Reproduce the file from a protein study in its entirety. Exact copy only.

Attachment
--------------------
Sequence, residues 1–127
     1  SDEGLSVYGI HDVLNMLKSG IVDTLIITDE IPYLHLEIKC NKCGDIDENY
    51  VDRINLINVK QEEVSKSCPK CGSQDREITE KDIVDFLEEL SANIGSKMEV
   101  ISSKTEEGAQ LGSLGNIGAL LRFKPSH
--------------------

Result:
Sequence, residues 1–127
     1  SDEGLSVYGI HDVLNMLKSG IVDTLIITDE IPYLHLEIKC NKCGDIDENY
    51  VDRINLINVK QEEVSKSCPK CGSQDREITE KDIVDFLEEL SANIGSKMEV
   101  ISSKTEEGAQ LGSLGNIGAL LRFKPSH